John Jeremiah Sullivan’s Pulphead

PulpheadIn his letter of resignation from Esquire magazine, Norman Mailer wrote, “Good-by now, rum friends, and best wishes. You got a good mag (like the pulp-heads say).” To the best of my knowledge, John Jeremiah Sullivan has never worked for Esquire, but he has contributed non-fiction pieces to GQ – not to mention Harper’s, the New York Times Magazine and The Paris Review, where he is the “southern editor.” Pulphead, whose title is taken from the aforementioned Mailer quotation, is a collection of these writings, somewhat polished for the larger book format, and it has been gathering plaudits ever since its release in 2011.

Most of these essays are deserving of their “pulp” categorization, at least with regards to their subject matter: Sullivan writes on musicians (Michael Jackson, Axl Rose, Bunny Wailer, as well as Christian rock and forgotten jazz artists), MTV’s The Real World and the experience of having a popular teen television drama (The CW’s One Tree Hill) filmed in his home. These are juxtaposed with more weighty pieces on, for example, American pre-modern cave art, the Tea Party, his experiences as a writer-in-residence/live-in caretaker for Andrew Nelson Lyttle, of the Southern Agrarian literary movement, or his brother’s near fatal encounter with a poorly wired microphone. These essays are by turns insightful, amusing and provocative, and gradually give us a portrait of our writer: he’s a Southerner (“My people were those strange Southerners you don’t often read about in histories of the Civil War: white landowners who owned slaves but fought for the North on Republican principles”) and an ex born-again Christian; he has watched more reality television than any self-respecting writer is likely to admit, and smokes pot often enough that it’s mentioned in several of the pieces. Using a combination of self-deprecating humor and confessional asides (“Remember your senior year in college, what that was like? Partying was the only thing you had to worry about, and when you went out, you could feel people thinking you were cool. The whole idea of being a young American seemed fun. Remember that? Me neither.”), he earns his readers’ trust: this is someone like us, someone we can relate to. It’s an old trick, as far as essay writing goes, and it makes the inevitable insights and incongruent asides all the more striking. It was also one of the hallmarks of the late David Foster Wallace’s essay writing, and that is the writer whose influence most profoundly marks Sullivan’s writing.

This isn’t a particularly bold insight: Wallace’s two major nonfiction collections, Consider The Lobster and A Supposedly Fun Thing I’ll Never Do Again, revived the nonfiction essay, mostly by emphasizing the first-person experience and blurring the lines between storytelling and reporting. And this is what Sullivan, an avowed Wallace fan, is doing in nearly every piece. Thus, for example, the first essay about his trip to a Christian rock concert begins with straight reporting: I arrived here, saw this, did that, met so-and-so, before we’re taken into the author’s more personal struggles with belief, his confrontation with the born-again Christians who befriend and instruct him, and his more secular reading, culminating in this rather Nietzschean insight about Christ:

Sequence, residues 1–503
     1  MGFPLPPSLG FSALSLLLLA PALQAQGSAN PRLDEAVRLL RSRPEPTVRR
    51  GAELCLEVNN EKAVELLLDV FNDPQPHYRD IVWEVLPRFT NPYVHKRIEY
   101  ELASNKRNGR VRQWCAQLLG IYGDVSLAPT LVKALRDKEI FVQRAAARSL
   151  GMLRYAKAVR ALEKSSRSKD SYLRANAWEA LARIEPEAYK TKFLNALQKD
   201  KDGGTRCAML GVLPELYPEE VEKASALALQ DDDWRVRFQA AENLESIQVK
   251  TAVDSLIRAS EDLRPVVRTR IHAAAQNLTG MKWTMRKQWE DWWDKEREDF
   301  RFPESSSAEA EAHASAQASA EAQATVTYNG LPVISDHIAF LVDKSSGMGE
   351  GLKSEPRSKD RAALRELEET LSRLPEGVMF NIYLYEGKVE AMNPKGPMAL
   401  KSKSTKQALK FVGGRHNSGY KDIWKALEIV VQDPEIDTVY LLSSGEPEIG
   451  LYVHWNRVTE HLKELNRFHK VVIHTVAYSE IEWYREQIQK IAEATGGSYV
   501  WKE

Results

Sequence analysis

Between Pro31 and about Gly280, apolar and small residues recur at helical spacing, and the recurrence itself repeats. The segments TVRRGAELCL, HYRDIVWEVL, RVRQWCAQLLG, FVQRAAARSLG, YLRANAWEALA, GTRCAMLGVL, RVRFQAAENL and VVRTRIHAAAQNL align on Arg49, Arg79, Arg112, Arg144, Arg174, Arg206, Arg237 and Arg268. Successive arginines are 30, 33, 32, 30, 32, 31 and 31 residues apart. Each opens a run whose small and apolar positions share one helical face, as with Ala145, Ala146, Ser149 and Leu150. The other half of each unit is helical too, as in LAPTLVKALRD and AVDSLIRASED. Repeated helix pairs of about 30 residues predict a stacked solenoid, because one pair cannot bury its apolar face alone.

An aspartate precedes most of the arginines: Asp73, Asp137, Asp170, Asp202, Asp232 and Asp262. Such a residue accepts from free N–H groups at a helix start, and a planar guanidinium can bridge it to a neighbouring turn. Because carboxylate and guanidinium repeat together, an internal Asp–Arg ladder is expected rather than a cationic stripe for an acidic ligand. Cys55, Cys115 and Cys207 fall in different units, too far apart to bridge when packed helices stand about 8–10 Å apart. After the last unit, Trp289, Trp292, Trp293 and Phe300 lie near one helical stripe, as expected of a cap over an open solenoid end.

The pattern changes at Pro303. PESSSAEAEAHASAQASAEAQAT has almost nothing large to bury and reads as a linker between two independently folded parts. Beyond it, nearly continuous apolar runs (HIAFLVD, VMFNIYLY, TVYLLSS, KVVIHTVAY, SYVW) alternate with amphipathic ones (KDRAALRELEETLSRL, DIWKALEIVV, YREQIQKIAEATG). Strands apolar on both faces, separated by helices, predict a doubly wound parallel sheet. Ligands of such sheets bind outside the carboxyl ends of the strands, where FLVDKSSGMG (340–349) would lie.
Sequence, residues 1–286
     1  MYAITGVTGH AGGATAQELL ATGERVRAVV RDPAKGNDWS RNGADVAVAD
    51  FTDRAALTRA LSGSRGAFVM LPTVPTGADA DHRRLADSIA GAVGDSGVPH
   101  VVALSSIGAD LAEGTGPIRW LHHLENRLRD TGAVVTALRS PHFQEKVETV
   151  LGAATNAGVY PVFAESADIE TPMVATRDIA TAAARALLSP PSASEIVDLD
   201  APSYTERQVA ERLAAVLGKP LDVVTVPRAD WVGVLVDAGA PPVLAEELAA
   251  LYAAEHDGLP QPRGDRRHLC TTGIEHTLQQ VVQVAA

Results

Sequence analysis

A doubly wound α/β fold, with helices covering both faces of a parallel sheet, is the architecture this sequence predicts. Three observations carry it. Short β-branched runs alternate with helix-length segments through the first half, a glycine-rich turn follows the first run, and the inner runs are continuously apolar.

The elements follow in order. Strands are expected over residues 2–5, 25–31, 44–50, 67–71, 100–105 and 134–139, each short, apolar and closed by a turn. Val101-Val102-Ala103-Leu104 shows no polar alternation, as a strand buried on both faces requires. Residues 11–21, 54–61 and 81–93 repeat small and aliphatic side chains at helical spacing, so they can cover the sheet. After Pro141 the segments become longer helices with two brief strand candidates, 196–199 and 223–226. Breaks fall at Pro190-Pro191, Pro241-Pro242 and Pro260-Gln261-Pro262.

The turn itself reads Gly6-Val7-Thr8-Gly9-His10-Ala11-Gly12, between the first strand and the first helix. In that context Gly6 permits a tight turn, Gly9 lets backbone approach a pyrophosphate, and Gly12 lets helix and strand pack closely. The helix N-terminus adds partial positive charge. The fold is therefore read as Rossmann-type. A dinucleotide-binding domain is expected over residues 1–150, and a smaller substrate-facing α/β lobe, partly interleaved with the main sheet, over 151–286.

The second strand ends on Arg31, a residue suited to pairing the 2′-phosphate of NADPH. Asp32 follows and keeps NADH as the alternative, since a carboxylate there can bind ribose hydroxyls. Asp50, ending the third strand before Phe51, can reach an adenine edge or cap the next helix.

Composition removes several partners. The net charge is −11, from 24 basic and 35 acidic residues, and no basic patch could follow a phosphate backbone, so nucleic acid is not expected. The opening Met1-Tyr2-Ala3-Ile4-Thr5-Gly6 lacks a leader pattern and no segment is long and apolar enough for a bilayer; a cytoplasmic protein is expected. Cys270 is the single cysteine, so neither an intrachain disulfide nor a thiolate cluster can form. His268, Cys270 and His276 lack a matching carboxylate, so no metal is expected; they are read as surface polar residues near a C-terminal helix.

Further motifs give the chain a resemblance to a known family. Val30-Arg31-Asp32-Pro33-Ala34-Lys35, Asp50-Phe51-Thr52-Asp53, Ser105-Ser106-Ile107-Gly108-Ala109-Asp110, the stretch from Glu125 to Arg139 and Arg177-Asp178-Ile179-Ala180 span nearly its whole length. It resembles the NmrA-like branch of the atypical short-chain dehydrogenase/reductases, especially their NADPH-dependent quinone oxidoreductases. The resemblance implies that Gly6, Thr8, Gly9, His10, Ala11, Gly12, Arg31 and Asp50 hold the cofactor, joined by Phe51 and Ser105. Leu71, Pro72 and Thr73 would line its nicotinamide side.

Forget the Epistles, forget all the bullying stuff that came later. Look at what He said. Read the Jefferson Bible. Or better yet, read The Logia of Yeshua, by Guy Davenport and Benjamin Urrutia, an unadorned translation of all the sayings ascribed to Jesus that modern scholars deem authentic. There’s your man. His breakthrough was the aestheticization of weakness. Not in what conquers, not in glory, but in what’s fragile and what suffers – there lies sanity. And salvation.

If the everyman persona isn’t fully punctured by the invocation of the Logia, subsequent essays – on the pre-modern cave paintings of Kentucky, for example, or on the eccentric naturalist Constantine Samuel Rafinesque – reveal our author to be more than a pot-smoking, reggae-loving ex-Christian. And that’s about the time when you start to meditate not only on what is being said within the essays, but what their very assemblage says about Sullivan’s intentions. Three essays, for example, deal with the blurred lines between the world as we know it and the world as portrayed in our popular entertainment. These are the essays on MTV’s The Real World, a reality television show; the essay on his brother’s near-fatal electrocution, which was – surprise, surprise – quickly transformed into a television show; and his experiences renting out his home for use on a teen melodrama. Contrast these with the distinctly backward-looking essays on Andrew Lyttle – 90-years-old when, or thereabouts, when Sullivan first meets him – and pre-modern cave paintings, or jazz music so old and rare that enthusiasts spend years hunting down recordings, and you get a funny patchwork of our particular moment, the postmodern, media-saturated world that David Foster Wallace wrote about with such acuity.

Sullivan takes us on a tour through our world, forcing us to take a second look at the familiar and the mundane, never judging or condemning but prodding us, gently, to see just how strange our moment really is.